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SCIENCE AND THOUGHT
Psychobiology and Neuroscience
Dreaming, Creativity, and TNGS
by Pia Abelli (PM, June 6th 1997)
Daytime integrated information, activated by night-time stimuli which are themselves information carriers, undergoes further organization in the dream process.
Sets of stimuli are structured into sequences of sensory-emotional units (SEUs) which are represented through dream images, resulting into sequences of sensory-emotional units and images (SEU-Is). Where spoken language is added, we got a SEU-I,S.
SEUs made up during sleep make use of similar, previously stored SEUs corresponding to dynamically activated images (see Edelman G.M., 1989; Edelman G.M., 1992; and Edelman G.M., Tononi G., 1995 on TNGS concepts such as neuronal maps, perceptual categorization, reentry, degenerancy, and value-dependent learning). The resulting ongoing activation of interrelated maps constitutes an endless source for the production of new images and new scenes. Thus, in the dream process, previous dynamically interacting memories, together with present stimuli, provide the basis for new representations.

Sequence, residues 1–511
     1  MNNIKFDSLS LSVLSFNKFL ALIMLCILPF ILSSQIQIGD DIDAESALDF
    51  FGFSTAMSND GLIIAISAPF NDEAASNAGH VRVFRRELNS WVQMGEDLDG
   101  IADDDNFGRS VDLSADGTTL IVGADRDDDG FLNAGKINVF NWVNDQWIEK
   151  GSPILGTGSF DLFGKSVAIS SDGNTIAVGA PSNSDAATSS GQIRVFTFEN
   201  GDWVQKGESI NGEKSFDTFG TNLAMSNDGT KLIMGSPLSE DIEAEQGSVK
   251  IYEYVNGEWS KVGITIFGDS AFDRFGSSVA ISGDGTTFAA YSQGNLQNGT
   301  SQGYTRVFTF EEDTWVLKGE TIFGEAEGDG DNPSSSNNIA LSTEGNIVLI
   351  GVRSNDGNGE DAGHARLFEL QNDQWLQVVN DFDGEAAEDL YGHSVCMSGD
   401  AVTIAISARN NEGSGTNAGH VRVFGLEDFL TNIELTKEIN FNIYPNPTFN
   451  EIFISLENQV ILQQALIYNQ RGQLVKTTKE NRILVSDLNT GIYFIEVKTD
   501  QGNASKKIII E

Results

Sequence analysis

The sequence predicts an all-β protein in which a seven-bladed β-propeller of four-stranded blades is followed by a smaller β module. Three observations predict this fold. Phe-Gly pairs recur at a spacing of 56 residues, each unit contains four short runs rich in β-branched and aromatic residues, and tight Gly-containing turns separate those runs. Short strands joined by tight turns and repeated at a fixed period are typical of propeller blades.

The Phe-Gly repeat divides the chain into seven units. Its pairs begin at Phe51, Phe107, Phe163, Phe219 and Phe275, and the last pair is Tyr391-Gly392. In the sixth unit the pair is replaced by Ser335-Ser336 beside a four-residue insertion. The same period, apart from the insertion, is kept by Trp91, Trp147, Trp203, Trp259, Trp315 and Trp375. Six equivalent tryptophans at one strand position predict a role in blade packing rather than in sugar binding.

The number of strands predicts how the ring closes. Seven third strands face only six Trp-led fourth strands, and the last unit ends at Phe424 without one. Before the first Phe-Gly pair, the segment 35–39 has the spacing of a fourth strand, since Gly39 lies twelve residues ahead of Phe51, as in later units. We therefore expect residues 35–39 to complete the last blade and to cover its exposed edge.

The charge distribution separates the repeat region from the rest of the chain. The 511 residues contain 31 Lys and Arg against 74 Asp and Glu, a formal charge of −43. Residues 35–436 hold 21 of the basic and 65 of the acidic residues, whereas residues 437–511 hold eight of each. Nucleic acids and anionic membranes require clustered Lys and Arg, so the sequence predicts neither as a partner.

Transformation of all information into image patterns, possibly a process necessarily connected to that of memory storage, seems to be the rule in the dream process. Spoken language too, when included, is at the service of the dream scene, and sometimes refers directly to images. After all, thought itself stems from a combination of sensations-emotions and images, which then results into a combination of sensations-emotions, images, and words.
Our feeling of wonder towards dreams arises from this extraordinary feature of our mental functioning, that is the ability to express all information gathered both from the outside world and from the inside of our own body through visual images and visualized words.
Dreams, in particular, seem to be the place where the up-dating of our memories occurs. From dreams we awake with moods and views of the world which are consequences of the night-time events, and which we know to be affected also by the immersion into memories of previous events, since memory itself is ongoing perceptual recategorization.
1) The dream process consists of SEU, SEU-I, and/or SEU-I,S sequences.
2) SEUs, SEU-Is, and SEU-I,S' are function of:
a. current night-time stimuli;
b. previously stored objects, contexts, behaviors, and thoughts;
c. personally developed (or otherwise acquired) ideas on, and theories of, the world